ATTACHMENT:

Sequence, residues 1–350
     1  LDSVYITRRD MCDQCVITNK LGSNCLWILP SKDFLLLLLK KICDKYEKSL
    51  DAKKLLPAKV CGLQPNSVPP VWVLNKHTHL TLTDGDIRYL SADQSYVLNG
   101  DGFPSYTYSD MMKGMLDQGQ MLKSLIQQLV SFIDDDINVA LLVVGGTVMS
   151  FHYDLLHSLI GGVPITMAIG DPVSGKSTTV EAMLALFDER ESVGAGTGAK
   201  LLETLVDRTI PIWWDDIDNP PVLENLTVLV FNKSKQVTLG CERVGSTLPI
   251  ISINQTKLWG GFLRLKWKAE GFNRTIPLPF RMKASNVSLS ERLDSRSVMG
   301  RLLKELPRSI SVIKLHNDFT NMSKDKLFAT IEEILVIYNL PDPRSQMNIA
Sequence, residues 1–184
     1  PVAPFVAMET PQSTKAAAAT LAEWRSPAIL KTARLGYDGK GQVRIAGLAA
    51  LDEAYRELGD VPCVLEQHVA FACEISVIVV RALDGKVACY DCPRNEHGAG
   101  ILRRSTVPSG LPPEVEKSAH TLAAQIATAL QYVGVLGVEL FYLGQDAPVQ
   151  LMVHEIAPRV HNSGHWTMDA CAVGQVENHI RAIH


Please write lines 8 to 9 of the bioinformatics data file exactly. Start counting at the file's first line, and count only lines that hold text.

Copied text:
   301  RLLKELPRSI SVIKLHNDFT NMSKDKLFAT IEEILVIYNL PDPRSQMNIA
Sequence, residues 1–184